NMSU branding

New Mexico State University

New Mexico State University

News Center

NMSU students ready cars for mini baja competition

New Mexico State University students from various disciplines are coming together to build and promote mini baja off-road racecars to enter in Baja SAE, a series of competitions held in various locations around the United States.

NMSU mechanical engineering student Dalton Grossheim, drives one of the mini baja cars though the desert.
Mechanical engineering student Dalton Grossheim gives the NMSU mini baja a test drive. (Photo by Hanna Kantowski)
About 30 NMSU students are gathered around NMSU's two mini baja cars for a group photo.
Nearly 30 students from various engineering disciplines and other majors are working toward the Society of Automotive Engineers Baja competition in May. (NMSU photo by Isabel Rodriguez)

The competition is sponsored by the Society of Automotive Engineers and draws more than 300 entries from various universities from the United States and countries around the world. The NMSU team will compete in Bellingham, Wash. from May 16 to 19, alongside teams from Mexico, Canada, India, France and South Korea.

NMSU last competed in 2009. The group was supposed to enter a car last year but was not ready in time.

"The plan is to try to enter two cars; the car from last season and a completely redesigned new car," said Ken Ruble, adviser and staff engineer. "We probably over-engineered the first car, but we know it'll be able to finish. With the second car, we're thinking outside the box and trying to push the rules as far as we can."

Before beginning fabrication on the cars, the design team spent a lot of time in the planning phase, which included numerous mechanical drawings.

All the teams must use the same engine, which is provided by Briggs and Stratton. Other than the engine, the teams are free to be creative as long as they stay within the rules. Ruble said the most important detail of assembling the mini is making the car as lightweight as possible.

The competition lasts four hours, and Ruble said he expects that there will be several drivers switching every hour or so.

"The really nice thing is that this project is run like the industry would run the project," said Ruble, manager of the NMSU Reduced Gravity and Biomechanics Lab. "We're running things the same way Cummins would run the project, and trying to focus on giving the students experience they aren't getting in other classes."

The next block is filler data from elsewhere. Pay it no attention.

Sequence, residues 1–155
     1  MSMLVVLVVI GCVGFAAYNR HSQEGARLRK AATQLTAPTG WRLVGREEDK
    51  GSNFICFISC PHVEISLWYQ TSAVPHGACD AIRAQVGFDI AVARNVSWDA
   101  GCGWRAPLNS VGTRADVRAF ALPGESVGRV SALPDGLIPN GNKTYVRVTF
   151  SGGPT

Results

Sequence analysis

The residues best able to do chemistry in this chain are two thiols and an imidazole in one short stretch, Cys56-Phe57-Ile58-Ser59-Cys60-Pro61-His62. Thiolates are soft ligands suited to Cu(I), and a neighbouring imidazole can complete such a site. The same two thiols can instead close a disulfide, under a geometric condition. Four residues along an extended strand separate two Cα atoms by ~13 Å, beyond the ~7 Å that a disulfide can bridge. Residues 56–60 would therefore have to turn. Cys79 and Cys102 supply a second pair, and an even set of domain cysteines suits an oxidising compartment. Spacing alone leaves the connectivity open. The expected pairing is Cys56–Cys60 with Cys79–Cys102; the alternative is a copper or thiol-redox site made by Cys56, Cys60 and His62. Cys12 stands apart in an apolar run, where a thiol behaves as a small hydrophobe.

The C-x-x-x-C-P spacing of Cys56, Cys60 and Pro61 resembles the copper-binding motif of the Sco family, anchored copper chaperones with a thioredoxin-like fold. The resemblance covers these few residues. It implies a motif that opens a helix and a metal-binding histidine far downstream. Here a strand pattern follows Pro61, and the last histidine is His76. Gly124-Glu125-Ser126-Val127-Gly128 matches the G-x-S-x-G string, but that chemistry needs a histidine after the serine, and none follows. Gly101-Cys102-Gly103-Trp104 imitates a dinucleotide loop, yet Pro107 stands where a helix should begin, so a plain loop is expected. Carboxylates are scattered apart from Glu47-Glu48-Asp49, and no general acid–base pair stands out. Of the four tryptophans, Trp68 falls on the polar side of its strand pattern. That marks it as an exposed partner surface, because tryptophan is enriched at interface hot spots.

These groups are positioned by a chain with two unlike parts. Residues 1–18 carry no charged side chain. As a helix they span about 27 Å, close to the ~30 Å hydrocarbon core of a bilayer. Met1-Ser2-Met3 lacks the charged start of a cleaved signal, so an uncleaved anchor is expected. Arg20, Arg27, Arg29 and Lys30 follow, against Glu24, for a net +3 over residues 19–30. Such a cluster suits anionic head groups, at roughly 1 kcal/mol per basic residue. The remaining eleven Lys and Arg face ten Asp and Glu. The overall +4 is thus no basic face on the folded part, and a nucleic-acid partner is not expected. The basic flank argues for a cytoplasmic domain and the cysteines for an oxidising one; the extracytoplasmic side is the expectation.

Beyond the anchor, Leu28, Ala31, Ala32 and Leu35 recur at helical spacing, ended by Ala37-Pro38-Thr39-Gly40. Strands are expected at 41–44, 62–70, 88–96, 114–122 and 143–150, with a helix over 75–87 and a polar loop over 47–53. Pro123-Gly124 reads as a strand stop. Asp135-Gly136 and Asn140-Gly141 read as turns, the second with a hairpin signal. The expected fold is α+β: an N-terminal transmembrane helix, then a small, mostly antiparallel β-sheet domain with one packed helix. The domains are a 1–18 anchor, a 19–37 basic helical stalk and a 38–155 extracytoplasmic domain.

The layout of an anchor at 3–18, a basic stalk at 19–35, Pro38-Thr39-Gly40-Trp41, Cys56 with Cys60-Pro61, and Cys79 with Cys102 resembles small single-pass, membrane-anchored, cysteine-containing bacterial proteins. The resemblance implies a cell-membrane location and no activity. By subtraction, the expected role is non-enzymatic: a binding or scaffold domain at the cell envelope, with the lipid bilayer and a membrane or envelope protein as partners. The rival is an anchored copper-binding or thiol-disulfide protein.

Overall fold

In addition to students in different engineering disciplines who are designing and building the car, a handful of marketing students are working to garner sponsors for the competition.

In addition to fundraising, there is report writing, record keeping and managing the budget - all run completely by students.

Senior Hannah Kantowski is marketing director of the project and is in charge of soliciting funds from sponsors. Her goal is to raise $40,000.

"I've done a couple of projects, but this is the first at this level of money," she said. "The most challenging part has been becoming familiar with the work the team is doing. It's harder to know what they need since I'm not an engineer. I have to be able to answer sponsors' questions."

Kantowski hopes to organize a fundraiser in the near future.

"It's fun. I never thought about how much money is out there, and that I'm capable of getting," she said. "I've learned how much work goes into a project."

"It's really important to have the marketing team in place," Ruble said. "Anybody is welcome. We're willing to teach non-engineers. Only four members of the team have been to competition before, the rest are brand new to this. It's like a mentoring program."

Nearly 30 students are involved with the project.

"There is a bunch of really talented students here," Ruble added. "I'm trying to advise them so they can figure out what's going on and make the necessary changes. It's their project, not mine."

Raymond Rossiter, president, agreed.

"It's hands-on," he said. "As engineers, we learn a lot. We apply the stuff we've learned in class in order to build stuff."

In addition to an acceleration competition, there are also maneuverability, endurance and suspension tests. The cars, Rossiter said, can reach a speed of almost 40 miles per hour.

"We don't just want a fast driver," he added. "It's almost like driving a go-cart off the road. You need to be aware of the surroundings and have an overall knowledge of how the car acts."

The team will conduct its first test run over winter break. The second will be done at the end of February.

Ruble said he feels confident about the cars they've assembled.

"This project is giving the students a real-world experience and preparing them to enter the workforce. If we're not going up to win, what are we going for"?